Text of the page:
16. Global Root Servers G ~ M Root Server Operated By Physical Location IP Address G U.S. DOD Network Vienna VA, U.S. Information Center H U.S. Army Research Lab Aberdeen MD, U.S. IPv4: IPv6: 2001:500:1::803f:235 I Autonomica Stockholm, Sweden J VeriSign Global Registry Herndon VA, U.S. Services K Reseaux IP Europeens - London, UK Network Coordination Centre L Internet Corporation for Los Angeles CA, U.S. Assigned Names and Numbers M WIDE Project Tokyo, Japan

  17. Global Root Servers’ Physical Locations

  18. .mil Portion of a Global Root Server’s Contents(1)

  19. .mil Portion of a Global Root Server’s Contents(2)

  20. Zone Files • Domain name information is stored in flat text files called zone files. User requests and server replies are simple text-file searches and take very few system resources. • Some newer DNS technologies allow for write access to update record data and other configurations remotely.

  21. Authority And Records • The server with authorityis the trusted server based on the chain of trust delegated from root servers. • Zone records are the different types of information each domain can hold.

  22. Common Zone Records Record Symbol Record Meaning Explanation NS Name server This record will return the name of the authoritative server for the requested domain. SOA State of authority This record gives information about the zone, such as administrator contact, and various timeouts and intervals. PTR Pointer records This record associates an IP address with a canonical name (normally used for reverse DNS records). A IP address This assigns an IP address to a host or canonical name. CNAME Canonical name This returns a host or canonical name. TXT Text Displays possible comments about the requested domain. AAAA IPv6 Similar to an A record but returns the IPv6 address of the requested domain.

  23. Normal DNS Packet Format Overview

  24. Fields of a Normal DNS Packet • Transaction Identification • Random number used to match client queries with name server responses • Number of Questions • The amount of DNS queries in the packet • Number of Answer RRs • Amount of non-authoritative DNS responses in the packet payload • Number of Authoritative RRs • Amount of authoritative DNS responses in the packet payload • Number of Additional RRs • Amount of other DNS responses in the packet (normally contains other DNS servers in the domain) • Questions and Answer Fields • DNS queries and DNS server responses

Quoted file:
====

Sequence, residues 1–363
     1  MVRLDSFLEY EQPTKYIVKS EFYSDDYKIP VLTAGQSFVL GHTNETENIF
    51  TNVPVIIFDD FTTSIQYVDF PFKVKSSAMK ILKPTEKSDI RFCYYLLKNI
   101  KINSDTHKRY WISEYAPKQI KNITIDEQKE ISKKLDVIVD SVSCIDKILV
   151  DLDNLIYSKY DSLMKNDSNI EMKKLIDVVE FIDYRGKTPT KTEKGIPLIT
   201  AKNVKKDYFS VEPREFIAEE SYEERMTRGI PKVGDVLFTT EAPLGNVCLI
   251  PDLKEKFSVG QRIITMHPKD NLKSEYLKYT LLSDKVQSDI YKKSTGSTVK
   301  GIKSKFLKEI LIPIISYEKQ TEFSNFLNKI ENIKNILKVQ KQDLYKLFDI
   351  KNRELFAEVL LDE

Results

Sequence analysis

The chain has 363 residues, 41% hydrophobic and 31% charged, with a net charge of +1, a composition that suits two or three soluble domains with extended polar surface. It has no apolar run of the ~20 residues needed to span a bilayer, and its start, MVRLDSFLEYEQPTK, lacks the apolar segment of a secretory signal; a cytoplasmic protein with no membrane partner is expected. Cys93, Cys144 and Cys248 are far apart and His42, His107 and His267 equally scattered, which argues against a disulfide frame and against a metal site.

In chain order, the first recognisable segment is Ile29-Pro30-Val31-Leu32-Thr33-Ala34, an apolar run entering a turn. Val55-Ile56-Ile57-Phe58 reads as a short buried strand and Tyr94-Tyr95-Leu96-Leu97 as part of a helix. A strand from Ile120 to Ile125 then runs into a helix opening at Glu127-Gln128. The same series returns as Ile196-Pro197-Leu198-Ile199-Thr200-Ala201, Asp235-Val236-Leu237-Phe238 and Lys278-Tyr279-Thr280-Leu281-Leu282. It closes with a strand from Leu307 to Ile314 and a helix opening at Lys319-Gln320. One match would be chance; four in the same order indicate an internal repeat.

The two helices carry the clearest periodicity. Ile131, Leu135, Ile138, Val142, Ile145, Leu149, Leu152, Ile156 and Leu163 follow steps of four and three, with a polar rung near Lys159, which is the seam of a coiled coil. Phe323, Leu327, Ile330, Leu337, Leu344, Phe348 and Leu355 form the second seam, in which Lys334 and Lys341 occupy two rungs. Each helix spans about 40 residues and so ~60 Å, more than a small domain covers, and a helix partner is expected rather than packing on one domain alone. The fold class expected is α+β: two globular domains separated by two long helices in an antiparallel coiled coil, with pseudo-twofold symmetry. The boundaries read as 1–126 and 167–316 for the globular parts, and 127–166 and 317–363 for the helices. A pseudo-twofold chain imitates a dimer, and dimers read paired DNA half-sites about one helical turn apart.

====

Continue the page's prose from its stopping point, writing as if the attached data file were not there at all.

25. Flag Field Overview

  26. Detailed DNS Packet Flag Field • The Flags field of a DNS packet is the most crucial part of the packet. It contains the control and query information regarding the packet. • QR 0 = Query, 1 = Response • opcode 0 = standard query, 1 = inverse query, 2 = status request • AA Authoritative answer • TC Truncated DNS packet • RD Recursion desired • RA Recursion available • rcode (return code) 0 = no error, 1 = name error

  27. DNS Implementation • DNS is implemented by a large-scale distributed database which consists of many name servers. • The name servers perform their functions by using the network to resolve each part of the hostname distinctly.

  28. Domain Name Service Example root domain server

  29. DNS under Unix (1) • The standard UNIX implementation of DNS is called bind and was originally written at the University of California at Berkeley. • This implementation is based on three parts: a library for the client side, and two programs for the server. • DNS is based on UDP, but can also use a TCP connection for some operations.

  30. DNS under Unix (2) • Resolver • The resolver library uses DNS to implement the gethostbyname() and gethostbyaddress() library calls. It is linked into any program that needs to perform name resolution using DNS. The first time that a program linked with the resolver attempts to resolve a hostname, the library reads the /etc/resolv.conf file to determine the IP address of the nameserver to be used for name resolution. The resolv.conf file can also contain the program's default domain, which is used to resolve unqualified hostnames (such as girigiri, as opposed to